There are about 3000 species of modern snakes broken into 11 families and 354 genera or sub-family. Snakes form one of the four sub-orders of the Reptile class called Squamata, the others being;

Chelonia – tortoises and turtles,
Crocodylia – crocodiles and alligators
Rhynchocephalia – Tuatara.

Squamata includes lizards, amphisbaenians, and snakes. Snakes form a sub-order of Squamata known as Serpentes – hence the term serpents which is derived from the Latin name serpens, a crawling animal or snake.


In more generic terms the classes of vertebrate animals are organized into six classes:

1.    Mammals
2.    Birds
3.    Reptiles
4.    Amphibians
5.    Bony Fish
6.    Cartilaginous Fish

Reptiles have unique characteristics that make them different from all other vertebrates. The most recognizable characteristic is that all reptiles have scaly skin, they respire (breath) by means of lungs and they are cold-blooded. No other vertebrate possesses this unique combination of characteristics.

Snakes and their reptilian families increase in size with geographic locations closer to the equator. This is believed to be a result of the increased activity throughout the year due to climates that provide higher temperatures throughout the year.

There are also many more species located in warmer climates than in cooler climates. Also, as altitude increases temperatures fall so there are fewer species of snakes (and other reptiles) in regions of high altitudes.

In spite of the constraints due to environmental preferences and needs, remarkably, snakes have populated a very high percentage of the earth’s surface. They are here to stay.

Based on the remains of snakes’ fossils, it is believed that the history of snakes is very old. Researchers believe that giant snakes existed in the time of dinosaurs. In the history of snakes, snakes like Titan Boa also existed.

Based on the structure of the snake’s body, it is believed that the snake was born from a lizard. With the passage of time, the legs of the snake disappeared.

After the extinction of the dinosaurs, there has been an explosive increase in the number of snakes. Even today giant snakes are found. Seeing such giant snakes, it seems that snakes like Titan Boa will also exist.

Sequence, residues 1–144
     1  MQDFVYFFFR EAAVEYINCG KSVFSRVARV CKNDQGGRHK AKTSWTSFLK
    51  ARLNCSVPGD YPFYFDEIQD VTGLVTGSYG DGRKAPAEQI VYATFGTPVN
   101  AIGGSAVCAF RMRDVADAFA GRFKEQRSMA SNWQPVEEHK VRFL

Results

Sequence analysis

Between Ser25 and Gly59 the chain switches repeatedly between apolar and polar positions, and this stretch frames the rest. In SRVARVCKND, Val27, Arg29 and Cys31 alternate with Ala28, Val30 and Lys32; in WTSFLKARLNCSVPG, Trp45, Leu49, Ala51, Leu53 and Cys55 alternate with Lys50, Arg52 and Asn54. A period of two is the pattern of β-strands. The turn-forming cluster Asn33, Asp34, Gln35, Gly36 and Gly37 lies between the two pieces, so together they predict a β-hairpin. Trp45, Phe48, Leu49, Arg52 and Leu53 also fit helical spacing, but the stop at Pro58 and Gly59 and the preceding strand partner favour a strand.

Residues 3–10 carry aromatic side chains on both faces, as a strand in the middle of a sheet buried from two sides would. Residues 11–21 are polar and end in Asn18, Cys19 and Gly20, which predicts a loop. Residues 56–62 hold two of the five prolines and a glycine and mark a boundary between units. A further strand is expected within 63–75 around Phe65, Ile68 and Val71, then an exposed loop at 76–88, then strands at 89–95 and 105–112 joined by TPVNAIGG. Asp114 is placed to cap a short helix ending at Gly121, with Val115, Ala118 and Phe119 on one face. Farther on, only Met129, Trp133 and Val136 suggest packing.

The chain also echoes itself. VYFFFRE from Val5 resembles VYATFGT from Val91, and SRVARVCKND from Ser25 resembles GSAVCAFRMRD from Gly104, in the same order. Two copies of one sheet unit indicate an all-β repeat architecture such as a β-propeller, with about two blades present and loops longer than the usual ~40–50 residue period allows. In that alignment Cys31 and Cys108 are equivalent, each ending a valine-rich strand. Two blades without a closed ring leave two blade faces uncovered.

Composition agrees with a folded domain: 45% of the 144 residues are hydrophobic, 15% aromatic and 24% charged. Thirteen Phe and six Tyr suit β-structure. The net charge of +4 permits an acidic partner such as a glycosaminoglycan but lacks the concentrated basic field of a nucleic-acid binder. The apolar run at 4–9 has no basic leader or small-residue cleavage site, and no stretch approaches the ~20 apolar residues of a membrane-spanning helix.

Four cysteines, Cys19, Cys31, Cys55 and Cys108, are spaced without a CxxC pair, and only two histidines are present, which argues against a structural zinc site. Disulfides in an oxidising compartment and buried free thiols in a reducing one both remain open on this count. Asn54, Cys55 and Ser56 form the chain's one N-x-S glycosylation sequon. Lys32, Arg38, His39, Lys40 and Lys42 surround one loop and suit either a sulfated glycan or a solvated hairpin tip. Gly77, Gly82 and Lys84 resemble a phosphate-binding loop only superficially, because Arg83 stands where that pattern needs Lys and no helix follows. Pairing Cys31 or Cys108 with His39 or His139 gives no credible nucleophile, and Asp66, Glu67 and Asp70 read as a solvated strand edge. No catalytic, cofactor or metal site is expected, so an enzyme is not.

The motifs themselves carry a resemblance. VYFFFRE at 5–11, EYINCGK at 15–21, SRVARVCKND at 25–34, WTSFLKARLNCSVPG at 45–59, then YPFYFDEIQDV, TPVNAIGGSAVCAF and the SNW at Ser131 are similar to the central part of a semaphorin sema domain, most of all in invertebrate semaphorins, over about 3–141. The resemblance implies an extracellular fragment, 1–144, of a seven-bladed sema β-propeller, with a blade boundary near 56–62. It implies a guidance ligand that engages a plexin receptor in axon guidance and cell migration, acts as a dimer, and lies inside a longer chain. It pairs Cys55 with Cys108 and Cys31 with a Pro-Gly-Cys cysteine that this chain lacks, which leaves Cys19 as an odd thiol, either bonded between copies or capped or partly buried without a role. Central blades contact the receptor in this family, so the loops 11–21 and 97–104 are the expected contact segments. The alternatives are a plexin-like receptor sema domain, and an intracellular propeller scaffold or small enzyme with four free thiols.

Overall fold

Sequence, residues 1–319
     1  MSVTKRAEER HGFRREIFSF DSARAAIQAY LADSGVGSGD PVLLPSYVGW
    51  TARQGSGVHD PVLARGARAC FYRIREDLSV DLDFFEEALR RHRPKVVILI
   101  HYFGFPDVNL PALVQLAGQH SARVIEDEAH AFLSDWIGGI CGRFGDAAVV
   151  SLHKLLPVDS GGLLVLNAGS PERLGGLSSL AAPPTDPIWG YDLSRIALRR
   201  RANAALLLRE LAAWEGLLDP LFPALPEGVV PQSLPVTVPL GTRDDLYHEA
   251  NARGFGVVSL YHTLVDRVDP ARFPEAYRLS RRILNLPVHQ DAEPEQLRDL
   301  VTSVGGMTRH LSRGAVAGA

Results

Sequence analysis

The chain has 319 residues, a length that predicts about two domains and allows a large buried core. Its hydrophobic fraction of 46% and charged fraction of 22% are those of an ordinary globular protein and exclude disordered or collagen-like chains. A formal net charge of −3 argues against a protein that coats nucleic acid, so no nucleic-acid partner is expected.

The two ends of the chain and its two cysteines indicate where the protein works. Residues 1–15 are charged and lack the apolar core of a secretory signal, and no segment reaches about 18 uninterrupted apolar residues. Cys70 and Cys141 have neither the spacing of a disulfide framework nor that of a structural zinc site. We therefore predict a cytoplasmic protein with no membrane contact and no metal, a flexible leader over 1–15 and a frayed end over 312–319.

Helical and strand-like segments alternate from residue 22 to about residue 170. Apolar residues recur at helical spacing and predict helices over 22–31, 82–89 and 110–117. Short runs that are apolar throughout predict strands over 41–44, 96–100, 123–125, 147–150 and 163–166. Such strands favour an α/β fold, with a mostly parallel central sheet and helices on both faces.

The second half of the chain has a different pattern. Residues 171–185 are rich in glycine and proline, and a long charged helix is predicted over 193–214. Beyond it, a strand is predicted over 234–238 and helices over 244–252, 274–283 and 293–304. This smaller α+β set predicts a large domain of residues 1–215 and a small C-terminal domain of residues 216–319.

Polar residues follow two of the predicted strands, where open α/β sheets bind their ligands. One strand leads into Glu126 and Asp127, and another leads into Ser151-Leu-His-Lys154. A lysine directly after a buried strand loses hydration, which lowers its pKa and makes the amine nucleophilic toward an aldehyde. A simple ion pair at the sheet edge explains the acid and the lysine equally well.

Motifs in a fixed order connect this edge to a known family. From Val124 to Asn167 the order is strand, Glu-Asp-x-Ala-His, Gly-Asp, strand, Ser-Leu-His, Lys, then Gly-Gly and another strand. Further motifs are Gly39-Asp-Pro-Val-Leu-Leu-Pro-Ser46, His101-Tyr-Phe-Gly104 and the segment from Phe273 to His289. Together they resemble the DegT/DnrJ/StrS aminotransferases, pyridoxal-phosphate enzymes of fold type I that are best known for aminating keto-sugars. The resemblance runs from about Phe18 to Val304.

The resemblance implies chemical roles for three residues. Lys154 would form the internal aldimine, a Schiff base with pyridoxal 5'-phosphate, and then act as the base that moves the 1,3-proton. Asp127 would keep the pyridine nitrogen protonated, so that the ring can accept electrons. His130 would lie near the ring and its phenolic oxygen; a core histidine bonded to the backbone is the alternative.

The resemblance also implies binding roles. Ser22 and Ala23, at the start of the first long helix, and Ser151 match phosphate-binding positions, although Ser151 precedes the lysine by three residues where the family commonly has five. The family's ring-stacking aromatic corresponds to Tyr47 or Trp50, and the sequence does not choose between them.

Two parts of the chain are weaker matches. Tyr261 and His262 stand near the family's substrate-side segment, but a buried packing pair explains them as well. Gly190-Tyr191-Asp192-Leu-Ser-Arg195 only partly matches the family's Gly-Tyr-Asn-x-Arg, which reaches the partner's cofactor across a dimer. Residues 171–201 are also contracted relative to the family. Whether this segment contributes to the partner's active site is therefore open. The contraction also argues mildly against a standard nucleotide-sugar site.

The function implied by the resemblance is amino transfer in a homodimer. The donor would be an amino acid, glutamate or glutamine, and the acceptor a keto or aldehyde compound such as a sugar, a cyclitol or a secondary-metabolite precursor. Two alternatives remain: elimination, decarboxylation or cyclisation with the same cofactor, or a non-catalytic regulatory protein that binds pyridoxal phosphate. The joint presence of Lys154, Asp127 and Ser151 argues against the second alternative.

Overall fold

Snake information, Snake history, and types of snakes

Types of Snakes

More than 3000 species of snakes are found. Which are divided into different groups which are as follows:-

  • Acrochordidae
  • Aniliidae
  • Anomochilidae
  • Boidae
  • Bolyeriidae
  • Colubridae
  • Cylindrophiidae
  • Elapidae
  • Homalopsidae
  • Lamprophiidae
  • Loxocemidae
  • Pareidae
  • Pythonidae
  • Tropidophiidae
  • Uropeltidae
  • Viperidae
  • Xenodermidae
  • Xenopeltidae
  • Xenophidiidae
  • Anomalepididae
  • Gerrhopilidae
  • Leptotyphlopidae
  • Typhlopidae
  • Xenotyphlopidae

Snakes are placed in these groups according to their size and behavior. If you want to know in detail what kind of snakes are in which group.

Then you can know by clicking on this link. Snake Family

Most frequently asked questions about snakes and there answers

Can Snake hear – No

is Snake drink milk – No

Which is the biggest Snake in the world – Reticulated python

Which Snake make a nest – King cobra

Which Snakebite kill fastest – King cobra

Which Snake is most venomous in India – Saw-scaled viper

Can Snake fly – No

Some Interesting facts about Snakes

  • Snakes don’t have ears and legs they moves with the help of its lower part.
  • The Lower jaws of snakes are divided into 2 parts, with the help of which they can open their mouth in large size.
  • Snake is a venomous animal and it uses its venom to hunt and protect itself and not to kill humans.
  • There are more than 3000 species of snakes, but among them only 250 species are venomous.
  • Snakes can open their mouth up to 150 degrees.
  • Every year 100,000 people are killed by snake bites all over the world.
  • Snake is a shy creature and likes to stay away from humans, so most snakes hunt at night.
  • Snakes are not found in Antarctica, Ireland, Iceland, New Zealand, and Greenland.